I wasn’t sure how to review Crimson Queen without giving away the mind-blowing revelation near the end, but here goes:
If you love classic fantasy, read this book!
If you love multiple points of view that weave together a complex tapestry of a plot, read this book!
If you love incredible world building and beautiful prose, read this book!
Whew, I’m glad I got that off my chest.
Honestly, I had a hard time getting into the story from the start, since I didn’t see where the tale was headed, and it took several chapters before even learning who the title character was. However, that wondrous, multicultural world building, and unrivaled word-smithing kept me going until the I felt invested in the characters and intrigued with the storyline.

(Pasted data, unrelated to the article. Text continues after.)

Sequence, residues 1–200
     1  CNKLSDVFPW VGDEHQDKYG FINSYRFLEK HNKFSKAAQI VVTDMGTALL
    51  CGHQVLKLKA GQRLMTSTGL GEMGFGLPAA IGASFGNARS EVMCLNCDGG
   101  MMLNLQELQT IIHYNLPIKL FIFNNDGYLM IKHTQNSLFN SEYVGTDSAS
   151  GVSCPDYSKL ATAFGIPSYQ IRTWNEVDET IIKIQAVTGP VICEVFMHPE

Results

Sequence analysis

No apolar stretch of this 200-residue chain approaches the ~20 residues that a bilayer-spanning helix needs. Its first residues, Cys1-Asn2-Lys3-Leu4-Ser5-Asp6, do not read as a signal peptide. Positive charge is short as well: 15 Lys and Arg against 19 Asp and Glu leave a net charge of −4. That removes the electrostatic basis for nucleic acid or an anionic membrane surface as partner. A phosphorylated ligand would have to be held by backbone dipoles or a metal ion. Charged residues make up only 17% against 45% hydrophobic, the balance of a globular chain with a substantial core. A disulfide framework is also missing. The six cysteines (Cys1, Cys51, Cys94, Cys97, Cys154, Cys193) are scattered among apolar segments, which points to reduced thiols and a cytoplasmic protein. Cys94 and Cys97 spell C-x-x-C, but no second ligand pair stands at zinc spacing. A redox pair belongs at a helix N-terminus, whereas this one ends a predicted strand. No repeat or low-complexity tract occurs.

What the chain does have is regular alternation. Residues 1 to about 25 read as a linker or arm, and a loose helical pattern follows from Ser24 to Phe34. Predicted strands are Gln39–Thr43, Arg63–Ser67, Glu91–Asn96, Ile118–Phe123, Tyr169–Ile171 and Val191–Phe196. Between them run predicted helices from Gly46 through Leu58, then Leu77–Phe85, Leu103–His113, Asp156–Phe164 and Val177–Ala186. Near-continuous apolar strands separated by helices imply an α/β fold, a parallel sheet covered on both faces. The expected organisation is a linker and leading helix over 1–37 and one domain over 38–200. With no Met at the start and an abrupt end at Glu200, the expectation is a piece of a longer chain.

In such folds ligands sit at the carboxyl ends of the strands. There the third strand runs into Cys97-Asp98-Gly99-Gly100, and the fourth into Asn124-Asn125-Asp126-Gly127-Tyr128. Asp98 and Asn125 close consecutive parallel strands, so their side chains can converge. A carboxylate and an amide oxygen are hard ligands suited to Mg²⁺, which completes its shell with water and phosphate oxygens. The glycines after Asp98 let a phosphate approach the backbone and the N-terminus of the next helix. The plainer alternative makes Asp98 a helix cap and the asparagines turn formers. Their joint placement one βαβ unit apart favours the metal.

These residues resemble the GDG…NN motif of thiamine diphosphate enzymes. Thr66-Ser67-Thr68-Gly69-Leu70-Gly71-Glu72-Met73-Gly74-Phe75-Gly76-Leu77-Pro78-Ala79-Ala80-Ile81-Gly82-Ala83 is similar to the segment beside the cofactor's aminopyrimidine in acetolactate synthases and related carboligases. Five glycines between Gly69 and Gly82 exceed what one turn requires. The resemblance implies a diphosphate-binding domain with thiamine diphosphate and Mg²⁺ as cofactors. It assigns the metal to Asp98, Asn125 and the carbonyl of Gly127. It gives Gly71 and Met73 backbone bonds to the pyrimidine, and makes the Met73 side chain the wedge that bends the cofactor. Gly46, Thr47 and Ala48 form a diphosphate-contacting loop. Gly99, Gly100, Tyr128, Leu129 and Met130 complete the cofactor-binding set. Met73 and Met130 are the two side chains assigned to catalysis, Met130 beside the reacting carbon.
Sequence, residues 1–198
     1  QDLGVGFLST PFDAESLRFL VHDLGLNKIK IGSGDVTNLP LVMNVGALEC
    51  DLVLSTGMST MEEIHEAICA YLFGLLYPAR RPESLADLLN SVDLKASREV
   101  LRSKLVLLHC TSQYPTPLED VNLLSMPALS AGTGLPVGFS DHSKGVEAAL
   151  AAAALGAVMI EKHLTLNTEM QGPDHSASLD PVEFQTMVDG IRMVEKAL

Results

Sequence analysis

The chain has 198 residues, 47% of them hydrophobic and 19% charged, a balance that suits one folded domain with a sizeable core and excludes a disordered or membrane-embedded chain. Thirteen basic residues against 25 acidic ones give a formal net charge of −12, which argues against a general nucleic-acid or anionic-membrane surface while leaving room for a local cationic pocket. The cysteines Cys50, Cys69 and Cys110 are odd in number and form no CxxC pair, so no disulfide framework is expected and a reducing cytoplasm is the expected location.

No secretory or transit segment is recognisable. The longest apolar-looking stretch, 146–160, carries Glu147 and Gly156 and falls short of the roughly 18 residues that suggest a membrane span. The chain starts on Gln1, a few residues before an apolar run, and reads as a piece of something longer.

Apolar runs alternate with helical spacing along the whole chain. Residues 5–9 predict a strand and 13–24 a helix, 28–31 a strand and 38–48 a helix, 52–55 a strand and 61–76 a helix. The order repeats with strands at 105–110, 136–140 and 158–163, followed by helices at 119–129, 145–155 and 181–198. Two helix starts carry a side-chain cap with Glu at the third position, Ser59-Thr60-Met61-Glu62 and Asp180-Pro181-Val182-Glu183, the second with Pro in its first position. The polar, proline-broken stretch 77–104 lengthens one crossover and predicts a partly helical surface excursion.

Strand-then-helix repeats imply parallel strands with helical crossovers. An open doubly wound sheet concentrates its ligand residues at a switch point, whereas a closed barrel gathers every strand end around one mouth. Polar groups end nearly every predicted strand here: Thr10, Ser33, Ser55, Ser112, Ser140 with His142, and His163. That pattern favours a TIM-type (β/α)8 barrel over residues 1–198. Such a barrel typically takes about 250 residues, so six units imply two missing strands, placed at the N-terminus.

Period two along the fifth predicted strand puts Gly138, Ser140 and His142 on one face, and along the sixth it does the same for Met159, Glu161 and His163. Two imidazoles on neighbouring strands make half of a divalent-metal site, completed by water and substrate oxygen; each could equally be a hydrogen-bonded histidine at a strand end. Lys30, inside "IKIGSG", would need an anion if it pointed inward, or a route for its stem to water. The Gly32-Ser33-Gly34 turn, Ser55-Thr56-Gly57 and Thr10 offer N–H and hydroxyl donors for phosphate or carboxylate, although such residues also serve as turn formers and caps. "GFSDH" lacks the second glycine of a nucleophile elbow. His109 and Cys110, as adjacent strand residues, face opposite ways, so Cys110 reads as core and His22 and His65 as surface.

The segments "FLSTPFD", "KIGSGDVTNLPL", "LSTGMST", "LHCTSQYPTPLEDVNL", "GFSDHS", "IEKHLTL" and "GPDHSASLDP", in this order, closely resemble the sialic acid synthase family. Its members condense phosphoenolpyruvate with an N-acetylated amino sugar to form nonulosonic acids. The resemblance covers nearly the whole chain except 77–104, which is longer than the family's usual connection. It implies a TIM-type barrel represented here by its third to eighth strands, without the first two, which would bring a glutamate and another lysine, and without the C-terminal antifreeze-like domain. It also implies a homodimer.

The setting is reminiscent of the post-Roman Empire world, stretching from a Western Europe to a Middle East, and including characters who hail as far away as a pseudo-China. Taking many forms, magic peaked a thousand years before, before a cataclysmic event shattered the world. The story revolves around the rebirth of magic, and not everyone is happy about that.
Crimson Queen is about as close to perfection as it gets, though I do feel the “main” character isn’t as involved in the resolution of the central conflict as he should be; and sometimes, the beautiful language is repeated too often. I probably saw “detritus” more times in the pages of Crimson Queen than I have since I was studying for the SAT. Therefore, I can only give it a 4.99999999.
JC Kang is the author of The Dragon Songs Saga.
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